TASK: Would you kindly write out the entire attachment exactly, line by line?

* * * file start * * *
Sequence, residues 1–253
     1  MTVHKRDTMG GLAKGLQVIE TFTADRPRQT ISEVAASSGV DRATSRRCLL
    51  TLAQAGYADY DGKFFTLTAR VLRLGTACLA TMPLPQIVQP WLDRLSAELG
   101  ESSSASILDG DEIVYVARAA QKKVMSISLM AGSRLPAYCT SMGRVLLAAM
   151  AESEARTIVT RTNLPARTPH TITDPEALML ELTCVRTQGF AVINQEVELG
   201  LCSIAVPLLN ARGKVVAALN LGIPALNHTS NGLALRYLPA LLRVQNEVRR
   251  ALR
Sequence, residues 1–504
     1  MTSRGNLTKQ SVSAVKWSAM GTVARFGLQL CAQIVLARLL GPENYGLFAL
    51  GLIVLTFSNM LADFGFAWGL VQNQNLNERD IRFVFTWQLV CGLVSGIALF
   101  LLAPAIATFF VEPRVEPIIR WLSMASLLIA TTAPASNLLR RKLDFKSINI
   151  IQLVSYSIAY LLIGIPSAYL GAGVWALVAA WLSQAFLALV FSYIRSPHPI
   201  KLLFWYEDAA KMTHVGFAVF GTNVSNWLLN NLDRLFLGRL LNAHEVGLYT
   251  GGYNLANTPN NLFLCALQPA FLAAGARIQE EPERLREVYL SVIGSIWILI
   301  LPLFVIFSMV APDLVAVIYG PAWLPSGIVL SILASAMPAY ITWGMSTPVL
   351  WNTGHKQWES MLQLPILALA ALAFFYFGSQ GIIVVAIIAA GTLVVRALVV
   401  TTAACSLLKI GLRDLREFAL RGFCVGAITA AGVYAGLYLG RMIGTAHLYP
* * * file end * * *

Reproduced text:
Sequence, residues 1–253
     1  MTVHKRDTMG GLAKGLQVIE TFTADRPRQT ISEVAASSGV DRATSRRCLL
    51  TLAQAGYADY DGKFFTLTAR VLRLGTACLA TMPLPQIVQP WLDRLSAELG
   101  ESSSASILDG DEIVYVARAA QKKVMSISLM AGSRLPAYCT SMGRVLLAAM
   151  AESEARTIVT RTNLPARTPH TITDPEALML ELTCVRTQGF AVINQEVELG
   201  LCSIAVPLLN ARGKVVAALN LGIPALNHTS NGLALRYLPA LLRVQNEVRR
   251  ALR
Sequence, residues 1–504
     1  MTSRGNLTKQ SVSAVKWSAM GTVARFGLQL CAQIVLARLL GPENYGLFAL
    51  GLIVLTFSNM LADFGFAWGL VQNQNLNERD IRFVFTWQLV CGLVSGIALF
   101  LLAPAIATFF VEPRVEPIIR WLSMASLLIA TTAPASNLLR RKLDFKSINI
   151  IQLVSYSIAY LLIGIPSAYL GAGVWALVAA WLSQAFLALV FSYIRSPHPI
   201  KLLFWYEDAA KMTHVGFAVF GTNVSNWLLN NLDRLFLGRL LNAHEVGLYT
   251  GGYNLANTPN NLFLCALQPA FLAAGARIQE EPERLREVYL SVIGSIWILI
   301  LPLFVIFSMV APDLVAVIYG PAWLPSGIVL SILASAMPAY ITWGMSTPVL
   351  WNTGHKQWES MLQLPILALA ALAFFYFGSQ GIIVVAIIAA GTLVVRALVV
   401  TTAACSLLKI GLRDLREFAL RGFCVGAITA AGVYAGLYLG RMIGTAHLYP